I recently finished reading a book called Designing Games by Tynan Syvester. It's a really great treatment of the basics of designing fun games. Near the end of the book he goes into the process of programming a game and the various organizational, team dynamic, communication issues etc.. that can arise.
One of the things he points out is that there's a relationship between game mechanics, level design and artwork. Essentially that a tiny tweak in a game mechanic might cause significant changes to all levels in the game some of which are hidden. These little changes can in turn affect the artwork in a game to the point were it might need to be redone.
He says that iteration is necessary because trying to plan the game out in its entirety at the start is doomed to fail. In order to reduce the burden of iteration he suggests mapping the dependencies between the different aspects of the game. He called it a dependency stack. It's used to figure out which things to work on now in which things to work on later.
When a dependency stack is built is you draw all the different aspects of the game such that a concept with a dependency on the fundamental concept of online as those from it to the fundamental concept. The more fundamental a concept lowered as in the diagram. Using this diagram is easy to see which concepts are the most fundamental and how changes to them will cascade through the whole system. The idea is you do the most core elements of the game first in until you a basic game consisting of just those items. This will allows you to reduce uncertainty in the interactions of those elements first before tacking other things.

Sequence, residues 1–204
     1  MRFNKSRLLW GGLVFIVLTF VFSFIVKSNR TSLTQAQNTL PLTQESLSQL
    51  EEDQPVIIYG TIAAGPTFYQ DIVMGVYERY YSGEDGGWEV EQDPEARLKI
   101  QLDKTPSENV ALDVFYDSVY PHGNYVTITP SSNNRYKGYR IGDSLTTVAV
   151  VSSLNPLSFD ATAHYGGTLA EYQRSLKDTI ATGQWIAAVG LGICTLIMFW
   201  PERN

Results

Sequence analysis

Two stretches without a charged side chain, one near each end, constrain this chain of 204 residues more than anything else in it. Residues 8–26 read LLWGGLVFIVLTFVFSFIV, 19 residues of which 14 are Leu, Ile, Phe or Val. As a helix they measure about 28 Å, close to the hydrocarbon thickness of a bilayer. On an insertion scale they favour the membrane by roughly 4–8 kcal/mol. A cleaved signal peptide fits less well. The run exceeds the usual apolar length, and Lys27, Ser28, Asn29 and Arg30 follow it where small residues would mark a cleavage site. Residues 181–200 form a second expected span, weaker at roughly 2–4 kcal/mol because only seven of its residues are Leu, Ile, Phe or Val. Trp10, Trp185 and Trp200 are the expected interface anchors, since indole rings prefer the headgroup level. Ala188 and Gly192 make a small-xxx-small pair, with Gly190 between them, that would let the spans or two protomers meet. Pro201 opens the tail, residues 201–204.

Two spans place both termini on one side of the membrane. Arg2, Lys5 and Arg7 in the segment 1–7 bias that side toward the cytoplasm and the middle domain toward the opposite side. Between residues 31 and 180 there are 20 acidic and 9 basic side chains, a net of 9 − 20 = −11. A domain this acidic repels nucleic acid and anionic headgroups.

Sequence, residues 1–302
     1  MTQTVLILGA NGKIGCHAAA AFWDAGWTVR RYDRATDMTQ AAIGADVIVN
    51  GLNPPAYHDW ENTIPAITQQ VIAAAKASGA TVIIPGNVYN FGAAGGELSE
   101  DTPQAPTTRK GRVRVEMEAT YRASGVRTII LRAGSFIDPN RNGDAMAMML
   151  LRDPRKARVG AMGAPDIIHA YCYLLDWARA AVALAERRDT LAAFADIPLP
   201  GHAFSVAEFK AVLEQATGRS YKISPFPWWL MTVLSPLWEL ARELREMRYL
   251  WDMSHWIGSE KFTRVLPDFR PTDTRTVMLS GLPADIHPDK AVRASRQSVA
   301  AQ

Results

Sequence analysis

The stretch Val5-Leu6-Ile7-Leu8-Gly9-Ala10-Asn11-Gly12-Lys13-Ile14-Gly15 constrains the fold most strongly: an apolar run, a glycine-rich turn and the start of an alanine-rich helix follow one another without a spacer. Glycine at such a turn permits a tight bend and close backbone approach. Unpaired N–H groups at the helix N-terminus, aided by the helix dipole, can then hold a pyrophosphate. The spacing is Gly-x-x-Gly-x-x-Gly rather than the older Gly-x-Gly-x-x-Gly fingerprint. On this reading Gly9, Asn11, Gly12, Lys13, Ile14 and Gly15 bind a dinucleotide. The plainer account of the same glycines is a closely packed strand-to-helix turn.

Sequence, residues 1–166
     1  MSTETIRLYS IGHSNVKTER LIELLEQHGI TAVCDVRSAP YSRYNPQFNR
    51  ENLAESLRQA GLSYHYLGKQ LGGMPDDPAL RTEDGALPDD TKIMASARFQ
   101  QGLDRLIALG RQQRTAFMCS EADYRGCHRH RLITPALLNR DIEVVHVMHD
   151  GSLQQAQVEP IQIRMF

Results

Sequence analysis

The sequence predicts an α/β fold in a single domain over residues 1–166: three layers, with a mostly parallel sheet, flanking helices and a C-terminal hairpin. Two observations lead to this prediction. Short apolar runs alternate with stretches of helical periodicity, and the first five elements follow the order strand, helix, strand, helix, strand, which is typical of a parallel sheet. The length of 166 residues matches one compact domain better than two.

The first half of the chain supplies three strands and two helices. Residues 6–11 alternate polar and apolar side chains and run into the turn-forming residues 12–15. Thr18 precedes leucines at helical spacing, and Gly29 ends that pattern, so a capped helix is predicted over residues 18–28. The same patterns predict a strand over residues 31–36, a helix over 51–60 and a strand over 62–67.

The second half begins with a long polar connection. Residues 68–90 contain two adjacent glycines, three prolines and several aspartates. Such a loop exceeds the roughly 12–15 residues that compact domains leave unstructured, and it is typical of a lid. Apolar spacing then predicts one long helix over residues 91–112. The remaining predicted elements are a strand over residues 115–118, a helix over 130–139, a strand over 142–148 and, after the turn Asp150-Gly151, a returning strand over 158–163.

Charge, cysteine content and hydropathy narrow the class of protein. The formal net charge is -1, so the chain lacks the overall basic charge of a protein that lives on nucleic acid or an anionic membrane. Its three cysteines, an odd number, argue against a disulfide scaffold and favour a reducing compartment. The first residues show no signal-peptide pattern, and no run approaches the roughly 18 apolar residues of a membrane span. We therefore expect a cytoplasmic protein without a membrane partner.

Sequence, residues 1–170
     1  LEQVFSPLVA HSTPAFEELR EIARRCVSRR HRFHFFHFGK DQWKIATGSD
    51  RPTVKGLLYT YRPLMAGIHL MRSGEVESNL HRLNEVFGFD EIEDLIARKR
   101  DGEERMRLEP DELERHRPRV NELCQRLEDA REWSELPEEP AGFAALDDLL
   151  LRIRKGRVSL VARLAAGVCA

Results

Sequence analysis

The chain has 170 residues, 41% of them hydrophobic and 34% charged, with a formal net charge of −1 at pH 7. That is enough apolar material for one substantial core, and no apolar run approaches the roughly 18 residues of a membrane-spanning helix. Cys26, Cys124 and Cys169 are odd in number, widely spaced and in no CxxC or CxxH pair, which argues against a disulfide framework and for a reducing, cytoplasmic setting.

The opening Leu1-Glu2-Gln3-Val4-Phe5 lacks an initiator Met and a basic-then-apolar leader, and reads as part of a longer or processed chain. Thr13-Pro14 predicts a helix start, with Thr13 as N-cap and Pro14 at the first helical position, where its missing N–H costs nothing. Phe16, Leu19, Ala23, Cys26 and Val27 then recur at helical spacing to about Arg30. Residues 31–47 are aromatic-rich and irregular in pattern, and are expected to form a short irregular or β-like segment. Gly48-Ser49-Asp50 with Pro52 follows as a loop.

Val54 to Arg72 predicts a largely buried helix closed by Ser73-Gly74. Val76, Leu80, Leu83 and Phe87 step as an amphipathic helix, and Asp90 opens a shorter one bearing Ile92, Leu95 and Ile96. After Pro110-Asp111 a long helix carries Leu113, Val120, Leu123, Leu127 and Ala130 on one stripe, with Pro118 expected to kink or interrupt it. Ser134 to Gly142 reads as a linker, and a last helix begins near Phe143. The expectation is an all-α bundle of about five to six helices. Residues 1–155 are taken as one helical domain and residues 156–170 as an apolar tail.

I like this idea of a dependency stack. At Intelerad we've used similar techniques to map the relationships between various projects we have in the pipeline. Many of these projects have common core components. While every developer may carry around one of these diagrams in their head it very useful to put it down on paper because then it easier to communicate to those people who are making decisions about which project green light next.
Intelerad has been around a while and has a large amount of infrastructure in its software. Adding a new feature can sometimes cause a cascading series of changes that go all the way back to a central piece of infrastructure. Changes to the central piece of infrastructure and cause a cascade of changes up to the various pieces that depend on it. I suspect it would be possible to build a dependency stack which would attempt to explain the dependency relationships between various different pieces of our software. Using this dependency stack we could then demonstrate the risk of causing a cascading series of changes to its dependencies. Not to mention which other teams are likely to be brought in. When combined with a list of design deficiencies (design level technical debts) it could prove even more illuminating.